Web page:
This exercise is good for warming up your shoulder joints and increasing flexibility.

  1. Stand with your left hand on the back of a chair.
  2. Allow your right hand to hang down.
  3. Circle your right hand 5 times in each direction.
  4. Repeat on the opposite side.
  5. Do this 2–3 times per day.

7. Doorway shoulder stretch

This stretch opens your chest and strengthens your shoulders.

  1. Stand in a doorway with your elbows and arms forming a 90-degree angle.
  2. Step your right foot forward as you press your palms into the sides of the door frame.
  3. Lean forward and engage your core. Hold this position for up to 30 seconds.
  4. Repeat the stretch with your left foot forward.
  5. Do each side 2–3 times.

8. Downward Dog Pose

This inversion pose strengthens and stretches the muscles in your shoulders and back.

  1. Start on your hands and knees. Press into your hands to lift your hips up toward the ceiling.
  2. Maintain a slight bend in your knees as you press your weight evenly into your hands and feet.
  3. Keeping your spine straight, bring your head toward your feet so that your shoulders are flexed overhead.
  4. Hold this pose for up to 1 minute.

9. Child’s Pose

This restorative pose helps relieve tension in your back, shoulders, and neck. Place a cushion under your forehead, chest, or legs for support.

  1. From Downward Dog Pose, bring your big toes together and your knees slightly wider than your hips.
  2. Sink your hips back onto your heels and extend your arms in front of you.
  3. Allow your chest to fall heavy toward the floor, relaxing your spine and shoulders.
  4. Stay in this pose for up to 5 minutes.

10. Thread the needle

This pose relieves tightness in your chest, shoulders, and upper back. Place a cushion or block under your head or shoulder for support.

  1. Start on your hands and knees. Lift your right hand up toward the ceiling with your palm facing away from your body.
  2. Lower your arm to bring it under your chest and over to the left side of your body with your palm facing up.
  3. Activate your right shoulder and arm to avoid collapsing into this area.
  4. Keep your left hand on the floor for support, lift it toward the ceiling, or bring it around to the inside of your right thigh.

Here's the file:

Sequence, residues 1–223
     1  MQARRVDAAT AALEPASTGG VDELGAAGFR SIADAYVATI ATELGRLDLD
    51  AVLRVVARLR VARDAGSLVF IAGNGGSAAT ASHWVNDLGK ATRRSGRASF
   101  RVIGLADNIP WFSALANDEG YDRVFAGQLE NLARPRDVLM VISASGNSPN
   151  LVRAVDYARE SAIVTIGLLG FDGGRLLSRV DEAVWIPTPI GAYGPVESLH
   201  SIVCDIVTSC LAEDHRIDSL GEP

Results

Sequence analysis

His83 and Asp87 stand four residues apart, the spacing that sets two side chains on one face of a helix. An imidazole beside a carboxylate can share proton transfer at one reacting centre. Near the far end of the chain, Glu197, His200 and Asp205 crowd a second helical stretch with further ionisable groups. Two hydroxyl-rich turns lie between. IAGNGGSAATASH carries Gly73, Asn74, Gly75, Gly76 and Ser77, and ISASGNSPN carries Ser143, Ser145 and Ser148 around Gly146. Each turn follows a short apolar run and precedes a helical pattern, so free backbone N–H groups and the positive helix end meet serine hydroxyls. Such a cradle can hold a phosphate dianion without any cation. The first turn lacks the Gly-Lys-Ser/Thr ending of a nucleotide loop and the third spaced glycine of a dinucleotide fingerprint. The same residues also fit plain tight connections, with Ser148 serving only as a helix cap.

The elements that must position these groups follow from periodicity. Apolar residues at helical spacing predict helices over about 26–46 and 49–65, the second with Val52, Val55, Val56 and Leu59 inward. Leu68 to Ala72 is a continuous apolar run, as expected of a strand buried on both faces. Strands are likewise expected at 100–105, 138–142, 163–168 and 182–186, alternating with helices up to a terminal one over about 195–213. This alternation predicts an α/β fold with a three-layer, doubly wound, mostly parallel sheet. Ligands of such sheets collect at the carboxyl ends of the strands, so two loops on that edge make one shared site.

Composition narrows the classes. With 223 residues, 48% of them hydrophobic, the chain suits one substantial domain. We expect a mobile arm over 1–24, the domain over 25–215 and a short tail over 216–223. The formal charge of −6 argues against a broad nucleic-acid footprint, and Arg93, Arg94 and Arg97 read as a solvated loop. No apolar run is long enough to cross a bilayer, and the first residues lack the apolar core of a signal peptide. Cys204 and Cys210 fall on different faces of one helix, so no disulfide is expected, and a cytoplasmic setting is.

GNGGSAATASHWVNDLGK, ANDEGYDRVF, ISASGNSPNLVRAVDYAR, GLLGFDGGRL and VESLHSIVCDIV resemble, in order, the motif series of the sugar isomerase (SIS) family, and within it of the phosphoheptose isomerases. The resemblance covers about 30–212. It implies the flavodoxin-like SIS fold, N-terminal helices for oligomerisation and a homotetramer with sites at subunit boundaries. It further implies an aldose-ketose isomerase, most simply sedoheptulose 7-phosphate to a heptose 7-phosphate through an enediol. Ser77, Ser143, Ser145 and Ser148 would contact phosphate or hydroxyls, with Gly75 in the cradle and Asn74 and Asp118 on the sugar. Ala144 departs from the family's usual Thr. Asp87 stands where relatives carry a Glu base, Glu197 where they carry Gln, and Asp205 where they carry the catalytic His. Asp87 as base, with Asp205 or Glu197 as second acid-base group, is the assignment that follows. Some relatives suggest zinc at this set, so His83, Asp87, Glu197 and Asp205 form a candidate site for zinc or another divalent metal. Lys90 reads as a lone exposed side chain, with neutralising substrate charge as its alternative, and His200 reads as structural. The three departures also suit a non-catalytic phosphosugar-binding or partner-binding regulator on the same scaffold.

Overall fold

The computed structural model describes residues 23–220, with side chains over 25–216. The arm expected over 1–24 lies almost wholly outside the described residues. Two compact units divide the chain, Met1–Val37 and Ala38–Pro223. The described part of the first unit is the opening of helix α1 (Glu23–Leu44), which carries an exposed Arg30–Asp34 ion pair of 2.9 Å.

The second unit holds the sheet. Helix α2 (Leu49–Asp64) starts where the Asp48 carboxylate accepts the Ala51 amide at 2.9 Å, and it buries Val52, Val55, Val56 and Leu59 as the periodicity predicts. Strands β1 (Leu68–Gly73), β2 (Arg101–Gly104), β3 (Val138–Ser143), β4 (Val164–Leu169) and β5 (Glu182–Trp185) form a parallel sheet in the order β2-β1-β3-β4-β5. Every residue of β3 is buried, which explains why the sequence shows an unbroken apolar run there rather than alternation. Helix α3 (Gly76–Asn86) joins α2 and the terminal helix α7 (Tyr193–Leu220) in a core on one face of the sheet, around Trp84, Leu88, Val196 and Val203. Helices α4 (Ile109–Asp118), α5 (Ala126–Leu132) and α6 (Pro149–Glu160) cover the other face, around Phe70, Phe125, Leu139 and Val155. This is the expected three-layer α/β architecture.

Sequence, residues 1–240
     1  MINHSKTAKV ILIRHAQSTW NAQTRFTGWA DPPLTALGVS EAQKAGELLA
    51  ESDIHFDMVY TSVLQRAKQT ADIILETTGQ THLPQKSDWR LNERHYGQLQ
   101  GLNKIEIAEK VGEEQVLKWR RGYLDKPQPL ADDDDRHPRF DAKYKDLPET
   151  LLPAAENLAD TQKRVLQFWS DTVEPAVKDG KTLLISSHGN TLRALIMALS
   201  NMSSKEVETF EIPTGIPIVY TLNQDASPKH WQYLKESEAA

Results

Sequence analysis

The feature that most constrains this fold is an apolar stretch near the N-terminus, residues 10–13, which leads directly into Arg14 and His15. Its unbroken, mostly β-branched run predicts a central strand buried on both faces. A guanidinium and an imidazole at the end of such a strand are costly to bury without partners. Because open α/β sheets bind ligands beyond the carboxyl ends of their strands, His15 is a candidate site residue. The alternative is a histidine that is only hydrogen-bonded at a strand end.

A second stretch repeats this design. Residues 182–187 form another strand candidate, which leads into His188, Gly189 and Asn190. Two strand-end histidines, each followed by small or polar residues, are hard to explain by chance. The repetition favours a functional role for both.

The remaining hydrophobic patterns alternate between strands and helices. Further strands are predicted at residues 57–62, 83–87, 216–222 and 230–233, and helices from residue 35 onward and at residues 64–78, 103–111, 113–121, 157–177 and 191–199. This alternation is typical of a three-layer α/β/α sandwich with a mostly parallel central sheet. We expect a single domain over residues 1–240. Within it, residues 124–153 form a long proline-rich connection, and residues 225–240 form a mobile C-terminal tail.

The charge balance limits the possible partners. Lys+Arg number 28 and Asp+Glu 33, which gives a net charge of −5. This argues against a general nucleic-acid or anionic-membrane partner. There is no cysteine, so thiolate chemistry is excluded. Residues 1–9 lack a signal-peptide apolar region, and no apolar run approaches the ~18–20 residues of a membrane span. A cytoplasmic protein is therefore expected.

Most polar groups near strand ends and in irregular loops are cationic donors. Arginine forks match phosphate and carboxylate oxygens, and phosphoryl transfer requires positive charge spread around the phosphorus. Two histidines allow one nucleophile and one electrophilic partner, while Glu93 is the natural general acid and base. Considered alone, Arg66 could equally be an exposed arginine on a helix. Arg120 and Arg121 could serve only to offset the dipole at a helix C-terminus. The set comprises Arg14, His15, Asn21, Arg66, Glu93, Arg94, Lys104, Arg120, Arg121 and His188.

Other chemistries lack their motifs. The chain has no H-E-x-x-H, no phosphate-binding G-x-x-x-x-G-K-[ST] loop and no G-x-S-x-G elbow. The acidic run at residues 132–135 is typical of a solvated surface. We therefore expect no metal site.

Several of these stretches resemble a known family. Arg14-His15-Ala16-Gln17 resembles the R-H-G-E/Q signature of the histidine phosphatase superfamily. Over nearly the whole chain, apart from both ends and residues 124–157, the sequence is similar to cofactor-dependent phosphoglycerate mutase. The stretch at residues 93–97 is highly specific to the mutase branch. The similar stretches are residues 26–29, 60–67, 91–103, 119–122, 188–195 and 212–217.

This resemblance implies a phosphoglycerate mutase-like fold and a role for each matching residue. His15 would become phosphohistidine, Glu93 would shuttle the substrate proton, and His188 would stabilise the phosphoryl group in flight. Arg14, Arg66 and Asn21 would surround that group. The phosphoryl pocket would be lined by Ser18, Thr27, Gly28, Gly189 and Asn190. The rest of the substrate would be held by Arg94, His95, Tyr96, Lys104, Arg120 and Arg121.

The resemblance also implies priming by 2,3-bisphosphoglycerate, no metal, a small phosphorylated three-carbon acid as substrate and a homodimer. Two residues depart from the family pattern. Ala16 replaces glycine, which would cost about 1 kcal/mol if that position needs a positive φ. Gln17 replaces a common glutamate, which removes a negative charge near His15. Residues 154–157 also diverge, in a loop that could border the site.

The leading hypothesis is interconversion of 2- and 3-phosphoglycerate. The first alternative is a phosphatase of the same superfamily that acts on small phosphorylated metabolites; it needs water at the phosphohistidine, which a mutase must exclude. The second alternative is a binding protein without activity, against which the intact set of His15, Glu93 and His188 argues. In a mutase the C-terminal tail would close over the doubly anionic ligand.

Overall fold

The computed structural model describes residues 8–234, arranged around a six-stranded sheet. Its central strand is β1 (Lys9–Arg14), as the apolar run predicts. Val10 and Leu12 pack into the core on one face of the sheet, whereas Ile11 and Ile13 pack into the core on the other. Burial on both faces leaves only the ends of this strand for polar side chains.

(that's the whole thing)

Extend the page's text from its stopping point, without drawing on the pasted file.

5. Hold this position for up to 30 seconds.
  6. Relax in Child’s Pose before repeating this stretch on the left side.

Other remedies for shoulder pain

In addition to shoulder exercises, you can try home remedies to ease pain and encourage healing.

Follow the RICE method by resting, icing, and compressing your shoulder. When possible, elevate your shoulder above heart level. You can also use a heating pad or take an epsom salt bath.

To ease pain, you may take over-the-counter pain relievers such as ibuprofen or acetaminophen. Or try natural pain relievers such as turmeric, willow bark, or cloves. Apply a menthol rub, arnica cream, or essential oil blend to the affected area a few times per day.

Regular massage and acupuncture treatments can help relieve pain and bring balance to your body. You can also try manipulative therapies such as chiropractic adjustmentsosteopathy, or Rolfing.

How to prevent shoulder pain

In addition to doing these exercises, you can prevent shoulder pain by following a few simple tips and guidelines:

  • Practice good posture and avoid slouching or hunching over while sitting, standing, and doing your daily activities.
  • Pay attention to how you’re carrying your body throughout the day and make adjustments as necessary.
  • Get plenty of rest and take time off from any activity that causes pain.

Take care when you do activities that involve reaching for something overhead, carrying heavy objects, or bending forward. If you have to do these activities as part of your job, decide how you can move your body to minimize discomfort.

If you play sports that cause shoulder pain, make sure you’re using proper form and technique.

When to see a doctor

See a doctor or physical therapist if you are unable to move your shoulders or if your pain worsens or doesn’t improve after two weeks of treatment.

You should also see a doctor immediately if you have severe pain in both shoulders or both thighs or you have a fever.

To determine what’s causing the pain and the best treatment plan, a doctor may do an X-rayultrasound scan, or magnetic resonance imaging (MRI) scan.

See a doctor immediately if you:

  • have pain in both shoulders
  • have pain in both thighs
  • have a fever or feel unwell

These could be signs of polymyalgia rheumatica, a condition that warrants prompt treatment.

Was this helpful?


While shoulder pain is common, it can be prevented and treated. Do these exercises on a regular basis to relieve and prevent shoulder pain.

You can also try home remedies to treat shoulder pain on your own. Continuing the exercises and treatments even after you feel better will help prevent the pain from coming back.

Talk to your doctor before starting any exercise program if you have any medical conditions that could be affected.

Medically reviewed by Gregory Minnis, DPT, Physical Therapy — By Emily Cronkleton — Updated on February 3, 2023